Problem Sexual Behaviours in Children Under Twelve – what do we know and what do we need to know in supporting our residential care workers

This blog entry was authored by Lisa Grobleben,
Team Leader Therapeutic Care Program
at the Australian Childhood Foundation


Residential care workers are immersed in the sharp end of child protection work, charged with caring for children displaying complex trauma based behaviours, often including problem sexual behaviours. At times, these carers undertake this task alone, with access to limited support and supervision. The prevalence of children in residential care displaying problem sexual behaviours is considered significant, with Crooks et all (2005) finding that of their sample of 20 children under the age of 12 exhibiting problem sexual behaviours, 23.5% resided in residential care, the second largest group behind children residing with a single biological mother at 41.2%.

In examining the existing literature base to determine what we know about residential carers experiences of working with children displaying problem sexual behaviours, it became apparent that there was a dearth of literature available. Given the requirement for residential care workers to provide care to children over a twenty-four period, including potentially high-risk times of bed/bath times, and often unsupported, it is surprising that their role in working with this group of children has not been more thoroughly examined. Within the existing literature, several themes emerged in relation to a range of professionals working with children with problem sexual behaviours, including levels of anxiety and fear in professionals working with this group of children, with Farmer (2004) suggesting that professional’s anxiety and fear in relation to sexualised behaviours leads to actively avoiding or minimising concerning behaviours. Lack of knowledge and understanding, and training in the management of problem sexual behaviours was a consistent theme amongst the literature, and insufficient knowledge amongst caring professions were seen to result in a ‘catastrophise or minimise’ reaction (O’Brien, 2010) resulting in harmful responding to children.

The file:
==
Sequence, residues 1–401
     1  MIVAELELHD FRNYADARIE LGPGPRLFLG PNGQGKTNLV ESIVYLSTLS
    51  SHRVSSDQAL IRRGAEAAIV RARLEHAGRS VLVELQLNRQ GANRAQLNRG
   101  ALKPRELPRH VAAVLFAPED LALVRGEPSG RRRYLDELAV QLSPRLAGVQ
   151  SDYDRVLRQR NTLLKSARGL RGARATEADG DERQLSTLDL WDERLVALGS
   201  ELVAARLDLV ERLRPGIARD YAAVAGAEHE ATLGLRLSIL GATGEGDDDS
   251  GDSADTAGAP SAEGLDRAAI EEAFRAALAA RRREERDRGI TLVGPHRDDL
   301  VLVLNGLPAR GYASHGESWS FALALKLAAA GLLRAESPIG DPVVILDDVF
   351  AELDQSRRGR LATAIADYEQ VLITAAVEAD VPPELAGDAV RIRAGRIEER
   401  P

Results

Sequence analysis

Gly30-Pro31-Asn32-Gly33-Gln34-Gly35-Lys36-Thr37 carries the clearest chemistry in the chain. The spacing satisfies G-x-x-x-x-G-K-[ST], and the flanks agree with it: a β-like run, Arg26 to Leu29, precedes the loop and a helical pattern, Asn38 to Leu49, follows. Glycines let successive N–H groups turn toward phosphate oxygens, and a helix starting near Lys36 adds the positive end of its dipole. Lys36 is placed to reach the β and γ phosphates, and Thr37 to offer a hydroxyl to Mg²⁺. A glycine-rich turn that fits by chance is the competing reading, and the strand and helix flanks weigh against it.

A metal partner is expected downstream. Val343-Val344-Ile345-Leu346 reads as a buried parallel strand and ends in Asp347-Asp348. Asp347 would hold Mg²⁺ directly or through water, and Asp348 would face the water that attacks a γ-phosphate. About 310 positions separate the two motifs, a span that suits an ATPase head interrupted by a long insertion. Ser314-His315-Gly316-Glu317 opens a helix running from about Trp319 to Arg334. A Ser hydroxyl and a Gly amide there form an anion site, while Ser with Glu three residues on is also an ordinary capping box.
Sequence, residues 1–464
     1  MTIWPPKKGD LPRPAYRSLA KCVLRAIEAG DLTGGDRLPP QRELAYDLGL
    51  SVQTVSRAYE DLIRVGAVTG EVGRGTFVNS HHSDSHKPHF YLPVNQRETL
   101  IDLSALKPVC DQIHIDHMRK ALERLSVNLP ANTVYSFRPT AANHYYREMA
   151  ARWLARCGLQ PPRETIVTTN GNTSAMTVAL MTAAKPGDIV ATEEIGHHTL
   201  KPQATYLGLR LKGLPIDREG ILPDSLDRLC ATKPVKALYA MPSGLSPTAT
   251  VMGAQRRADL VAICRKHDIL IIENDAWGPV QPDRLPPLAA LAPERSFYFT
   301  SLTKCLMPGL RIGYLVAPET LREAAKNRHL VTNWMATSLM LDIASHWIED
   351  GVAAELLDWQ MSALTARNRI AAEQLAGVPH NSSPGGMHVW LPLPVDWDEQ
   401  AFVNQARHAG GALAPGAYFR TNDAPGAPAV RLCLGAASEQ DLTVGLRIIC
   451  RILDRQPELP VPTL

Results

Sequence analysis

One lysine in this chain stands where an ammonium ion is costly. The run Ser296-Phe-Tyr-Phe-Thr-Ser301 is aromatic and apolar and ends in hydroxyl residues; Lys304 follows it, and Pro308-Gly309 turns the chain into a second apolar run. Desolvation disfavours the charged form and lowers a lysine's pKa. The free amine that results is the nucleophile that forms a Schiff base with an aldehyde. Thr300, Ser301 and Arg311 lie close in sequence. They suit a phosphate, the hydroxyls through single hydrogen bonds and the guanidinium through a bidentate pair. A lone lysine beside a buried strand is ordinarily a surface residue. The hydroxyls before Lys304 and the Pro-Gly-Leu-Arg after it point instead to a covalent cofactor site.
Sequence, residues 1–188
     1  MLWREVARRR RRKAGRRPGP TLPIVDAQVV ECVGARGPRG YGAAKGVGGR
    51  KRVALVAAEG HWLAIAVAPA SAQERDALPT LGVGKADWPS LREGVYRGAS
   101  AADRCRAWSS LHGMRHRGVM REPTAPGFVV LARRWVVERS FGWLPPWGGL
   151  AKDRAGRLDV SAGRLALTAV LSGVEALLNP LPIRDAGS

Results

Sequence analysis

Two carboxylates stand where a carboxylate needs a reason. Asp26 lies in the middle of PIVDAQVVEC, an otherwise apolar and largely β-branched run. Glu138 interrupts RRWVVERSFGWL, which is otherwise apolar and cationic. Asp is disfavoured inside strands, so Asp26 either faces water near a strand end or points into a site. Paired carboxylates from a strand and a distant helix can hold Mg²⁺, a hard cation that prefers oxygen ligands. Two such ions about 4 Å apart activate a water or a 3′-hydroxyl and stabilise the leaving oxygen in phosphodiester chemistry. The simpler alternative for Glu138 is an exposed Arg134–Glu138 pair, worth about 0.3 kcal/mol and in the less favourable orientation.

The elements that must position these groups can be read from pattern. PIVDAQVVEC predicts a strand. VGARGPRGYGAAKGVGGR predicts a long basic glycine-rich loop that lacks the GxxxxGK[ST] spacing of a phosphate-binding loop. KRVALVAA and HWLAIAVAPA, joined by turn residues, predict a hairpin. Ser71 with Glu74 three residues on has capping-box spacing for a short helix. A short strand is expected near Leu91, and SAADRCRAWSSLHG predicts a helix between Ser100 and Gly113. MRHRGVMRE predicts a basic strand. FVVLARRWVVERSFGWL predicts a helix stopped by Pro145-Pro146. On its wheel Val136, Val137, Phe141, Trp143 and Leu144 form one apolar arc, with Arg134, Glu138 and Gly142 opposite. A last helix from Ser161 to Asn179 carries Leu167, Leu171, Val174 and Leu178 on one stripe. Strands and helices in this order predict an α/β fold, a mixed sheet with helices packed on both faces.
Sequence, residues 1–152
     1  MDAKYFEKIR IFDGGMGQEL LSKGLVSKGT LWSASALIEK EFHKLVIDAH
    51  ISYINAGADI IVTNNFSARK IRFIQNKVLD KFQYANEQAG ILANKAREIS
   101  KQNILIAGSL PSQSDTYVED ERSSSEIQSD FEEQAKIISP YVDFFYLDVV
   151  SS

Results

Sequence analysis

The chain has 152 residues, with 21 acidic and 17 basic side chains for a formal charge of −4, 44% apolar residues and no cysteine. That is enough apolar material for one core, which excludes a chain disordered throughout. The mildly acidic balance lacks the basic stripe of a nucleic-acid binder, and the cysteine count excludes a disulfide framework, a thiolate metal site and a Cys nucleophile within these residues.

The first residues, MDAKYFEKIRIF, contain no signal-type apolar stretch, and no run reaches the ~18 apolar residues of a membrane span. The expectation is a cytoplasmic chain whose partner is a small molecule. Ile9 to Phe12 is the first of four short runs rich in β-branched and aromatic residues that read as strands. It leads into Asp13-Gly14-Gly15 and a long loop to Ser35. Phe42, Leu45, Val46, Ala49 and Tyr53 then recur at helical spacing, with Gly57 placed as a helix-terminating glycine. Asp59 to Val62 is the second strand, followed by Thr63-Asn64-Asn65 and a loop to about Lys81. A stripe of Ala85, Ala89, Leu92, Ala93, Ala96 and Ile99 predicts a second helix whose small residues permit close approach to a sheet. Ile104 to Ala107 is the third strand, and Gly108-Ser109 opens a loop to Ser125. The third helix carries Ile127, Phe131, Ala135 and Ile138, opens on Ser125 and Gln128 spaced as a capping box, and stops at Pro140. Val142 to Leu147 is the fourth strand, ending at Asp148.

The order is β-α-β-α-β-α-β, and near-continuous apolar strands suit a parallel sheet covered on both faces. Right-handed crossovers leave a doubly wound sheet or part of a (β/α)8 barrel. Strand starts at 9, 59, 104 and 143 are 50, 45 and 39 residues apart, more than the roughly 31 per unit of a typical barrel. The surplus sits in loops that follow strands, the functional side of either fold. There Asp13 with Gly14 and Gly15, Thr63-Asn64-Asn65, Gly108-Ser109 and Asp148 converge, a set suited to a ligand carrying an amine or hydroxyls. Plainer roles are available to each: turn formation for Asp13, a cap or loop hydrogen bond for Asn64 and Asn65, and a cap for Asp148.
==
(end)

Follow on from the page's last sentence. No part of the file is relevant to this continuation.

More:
The identification of these themes however tended to be on examination of professionals in general, with very little focus within the current literature base relating to how frontline residential care staff understand problem sexual behaviours in young children, with a greater focus on how these behaviours are understood within the clinical treatment and foster care context. Literature that did specifically examine the residential care context was often focused on children who displayed sexually harmful behaviours and children who were older in age. Given findings indicate a significant proportion of children with problem sexual behaviours are being cared for within a general residential care setting, these themes require further exploration.

The research I am undertaking, under the supervision of the University of Portsmouth, is looking to broaden our understanding of how we best support our frontline residential care workers to respond to children who are displaying problem sexual behaviours. This includes developing an understanding of levels of anxiety and confidence in their responding, and the factors that influence these levels such as age, level of educational attainment or training received, and their understanding of developmentally normative behaviours in comparison to problem sexual behaviours, and how this understanding has been reached. Data is being collected via an online questionnaire that is accessed through the Qualtrics software program, consisting of approximately 22 questions, and all data collected is anonymous and confidentially maintained.

Given the sensitive nature of the research topic, a full ethics review was undertaken, and the research questionnaire has been designed in such a way that participant responses are based on hypothetical case studies, to negate the need for any disclosure of confidential client information. I’m excited to find out what we can learn, and how we can better support our residential carers in responding to problem sexual behaviours in young children. If you are currently working in residential care, and would like to anonymously and confidentially participate in this piece of research, please contact me on lisa.grobleben@myport.ac.uk for further information.

Crooks, C., Fernandez, R., Topham, A., Acton, W., Brotzel, D., Swart, G., VanMeyel, R. (2005). Children under 12 years with sexual behaviour problems in London and Middlesex County: Trends and professionals’ perceptions. Centre for Research on Violence Against Women and Children. Retrieved by clicking here O’Brien, W. (2010). Australia’s response to sexualised or sexually abusive behaviours in children and young people. Australian Crime Commission. Retrieved from clicking here Farmer, E. (2004). Patterns of placement, management and outcome for sexually abused and/or abusing children in substitute care. British Journal of Social Work, 34, 375-393. DOI: 10.1093/bjsw/bch043